Make Your Computer Faster Instead of Buying a New One

By Carlos Portocarrero on 9 September 2009 (Updated 22 September 2010) 39 comments

Buying a new computer can be a very exciting time...until you get the bill.

What most people don't realize is that you don't need a Quad Core chip for email and Internet browsing.

But after you've had your computer for a while and it starts to get sluggish, a lot of people start thinking that a fancy, new machine will cure what ails them.

You Don't Need a New Machine

That's the good news. The bad news? You'll have to run a whole bunch of programs to get your computer running smoother and faster.

But fear not, computer newbies! I'm here to walk you through every step of the way.

Note: I know a lot of you aren't fond of installing new programs onto your computers, but these are all free programs that come highly recommended and can be downloaded from CNET, a trusted authority on all things tech. There are several programs that do what these programs do -- these are just the ones I use and trust.

AVG Antivirus

Step #1: Virus and Spyware Protection

  1. Download AVG Antivirus
  2. Install it, run it, and set up a regular schedule to run once a week, so that you don't have to worry/remember to do this manually
  3. Download Spybot Search and Destroy
  4. Same thing: install it, run it, and set up a regular schedule to run once a week. I like Wednesdays at 2:00am. I'd also schedule a weekly update to make sure you're scanning the latest viruses too.

CCleaner

Step #2: Clean the Registry

A computer's registry is basically a map of where everything in the computer is located. Over time it can get cluttered and cramped, so it's good to clean it up every now and then.

  1. Download CCleaner
  2. Install it and run it.
  3. The great thing about CCleaner is that you can clean the registry, clean up space on your PC's hard drive from things like temporary internet files, and you can also de-activate startup programs, which we'll get to in a minute.
  4. Run the registry tool and the cleaner tool.

Smart Defrag

Step #3: Defrag the Hard Drive

Hard drives are like your closet: sometimes you need to clean them out and put things back in order for everything to run nice and smooth.

  1. Download Smart Defrag
  2. Install it and run the Analyze feature, which will tell you if you need to defrag the thing or not. How easy is that?
  3. Set up a regular schedule so you don't have to worry about it. Let's do this one once a week too.

Step #4: Quick Startup

Does your PC take forever to get booted up? Most of the time, it's because so many programs are trying to launch right when the computer is starting up. Turning off a lot of the unnecessary programs will help speed things up.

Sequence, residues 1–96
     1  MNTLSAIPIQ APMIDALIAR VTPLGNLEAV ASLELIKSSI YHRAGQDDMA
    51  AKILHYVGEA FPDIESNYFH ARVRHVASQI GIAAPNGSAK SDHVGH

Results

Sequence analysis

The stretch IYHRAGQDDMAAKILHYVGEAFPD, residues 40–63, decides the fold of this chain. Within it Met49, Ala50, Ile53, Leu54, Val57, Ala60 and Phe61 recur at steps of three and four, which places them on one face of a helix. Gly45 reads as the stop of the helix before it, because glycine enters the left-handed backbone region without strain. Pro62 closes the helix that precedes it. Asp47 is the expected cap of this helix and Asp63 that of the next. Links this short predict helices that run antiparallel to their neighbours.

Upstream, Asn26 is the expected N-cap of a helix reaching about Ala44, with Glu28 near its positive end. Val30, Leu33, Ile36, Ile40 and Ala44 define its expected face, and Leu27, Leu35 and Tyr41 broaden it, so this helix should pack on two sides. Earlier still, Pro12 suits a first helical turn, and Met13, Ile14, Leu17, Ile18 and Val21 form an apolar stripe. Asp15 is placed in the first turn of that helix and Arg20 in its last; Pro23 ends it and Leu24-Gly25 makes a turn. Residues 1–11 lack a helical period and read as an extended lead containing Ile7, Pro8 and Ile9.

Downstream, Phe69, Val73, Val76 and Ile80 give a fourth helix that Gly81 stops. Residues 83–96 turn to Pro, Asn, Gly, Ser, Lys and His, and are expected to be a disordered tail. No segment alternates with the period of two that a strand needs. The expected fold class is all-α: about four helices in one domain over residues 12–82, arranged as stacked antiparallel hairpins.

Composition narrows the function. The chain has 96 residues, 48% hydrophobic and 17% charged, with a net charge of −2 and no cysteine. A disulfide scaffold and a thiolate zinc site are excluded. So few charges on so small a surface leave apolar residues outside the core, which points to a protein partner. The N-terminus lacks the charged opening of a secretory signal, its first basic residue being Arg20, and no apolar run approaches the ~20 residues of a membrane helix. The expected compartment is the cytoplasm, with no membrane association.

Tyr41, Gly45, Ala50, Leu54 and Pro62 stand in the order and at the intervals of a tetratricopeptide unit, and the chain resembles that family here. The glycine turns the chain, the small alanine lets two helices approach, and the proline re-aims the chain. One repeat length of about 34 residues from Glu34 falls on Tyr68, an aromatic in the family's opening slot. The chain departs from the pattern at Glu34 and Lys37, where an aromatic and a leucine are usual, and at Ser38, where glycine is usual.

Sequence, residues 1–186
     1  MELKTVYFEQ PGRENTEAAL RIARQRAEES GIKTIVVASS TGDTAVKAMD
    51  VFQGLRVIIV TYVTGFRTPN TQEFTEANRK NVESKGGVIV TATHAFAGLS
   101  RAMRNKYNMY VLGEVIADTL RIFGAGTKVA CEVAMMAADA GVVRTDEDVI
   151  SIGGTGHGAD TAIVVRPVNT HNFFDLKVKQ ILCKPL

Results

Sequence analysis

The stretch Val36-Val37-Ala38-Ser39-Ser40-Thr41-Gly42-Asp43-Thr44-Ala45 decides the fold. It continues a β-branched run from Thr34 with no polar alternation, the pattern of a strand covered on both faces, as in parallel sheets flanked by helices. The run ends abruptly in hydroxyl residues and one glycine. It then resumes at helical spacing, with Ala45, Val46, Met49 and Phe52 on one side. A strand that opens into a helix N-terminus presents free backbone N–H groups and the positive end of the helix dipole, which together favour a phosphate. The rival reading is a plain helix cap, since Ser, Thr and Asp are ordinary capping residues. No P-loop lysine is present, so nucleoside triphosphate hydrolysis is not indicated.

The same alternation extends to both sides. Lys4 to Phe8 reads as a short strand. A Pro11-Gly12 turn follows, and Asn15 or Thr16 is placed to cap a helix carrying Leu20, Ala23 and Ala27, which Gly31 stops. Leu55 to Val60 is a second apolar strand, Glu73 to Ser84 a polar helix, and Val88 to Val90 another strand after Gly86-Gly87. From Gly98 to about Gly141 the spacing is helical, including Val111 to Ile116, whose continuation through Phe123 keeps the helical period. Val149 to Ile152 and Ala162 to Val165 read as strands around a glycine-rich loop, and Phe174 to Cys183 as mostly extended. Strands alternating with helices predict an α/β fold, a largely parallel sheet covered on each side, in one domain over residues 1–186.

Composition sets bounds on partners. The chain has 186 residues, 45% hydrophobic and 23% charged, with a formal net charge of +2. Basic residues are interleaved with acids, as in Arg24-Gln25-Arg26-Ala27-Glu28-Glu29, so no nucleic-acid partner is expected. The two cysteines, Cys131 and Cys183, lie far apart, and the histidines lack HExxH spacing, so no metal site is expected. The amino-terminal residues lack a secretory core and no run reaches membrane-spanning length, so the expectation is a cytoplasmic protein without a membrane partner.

1. Open CCleaner
  2. Go to Tools --> Startup
  3. Disable programs that you don't really need to have open right away. If you're not sure, write them all down (or take a screenshot by hitting the "PrtScn" button and pasting it into Paint) and see what happens when you remove them. You can always add them back later if something doesn't look right. I only have five things set to run at startup and a whole bunch are grayed out.

Step #5: More RAM

There are several things you can physically do to boost performance: from overlocking to upgrading your processor. But you have to be pretty handy with tools and computers to do all of that. The easiest thing to install on a computer, however, is RAM. RAM is like the workspace your computer has to do work. If you're running a music program like Winamp, Microsoft Word, Excel, and have an Internet Browser open, that takes a lot of workspace to make sure things are nice and fast.

  1. Go to 4 All Memory (again, my personal pick—and no they're not paying me)
  2. Pick out which computer you have with any of their handy tools. It's really easy and kind of fun.
  3. Buy as much RAM as your computer will allow you. You may want to double check in your manual to make sure you buy just enough and not too much.
  4. Buy it.
  5. Install it. This sounds complicated, but it's as easy as putting a Nintendo cartridge into its slot. Really.

If you don't trust yourself or don't want to install the RAM yourself, have a friend come over and do it. Or call your PC's tech support line and have them walk you through it. If that doesn't work, search Google for your PC and "installing RAM" and you may find a nice walkthrough with pictures and everything. Don't worry, it's easier than it looks and more RAM will give you a really big boost in performance!

Enjoy!

Your computer should be noticeably faster now. Don't forget to uninstall any old programs you don't need anymore that are just taking up space. The more free space in your hard drive, the better.

If you don't see enough of a boost in performance, congratulations! You have done your due diligence and you've earned the right to actually say "I need a new PC."

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Xin Lu's picture
Xin Lu

You should retitle this how to make your Windows based computer faster. Well, I guess the ram thing could work for all computers, but that is probably a step that should be done by people who have experience opening their PC up and deal with subsequent issues that could pop up with new hardware. 

Guest's picture
lighterapps

If you are suggesting others to keep their old machines such as P3 (686), you should recommend apps that eat less system resources. AVG is the most bloated free antivirus out there. AVG is paranoid and has a lousy detection rate.

Antivirus: AVAST or Antivir (lot less CPU and RAM usage and higher detection)
defraging: defraggler. very fast and very low on your system resource.
spyware and malware detection: spywareblaster (light). if you don't care how long it takes. try malwarebytes.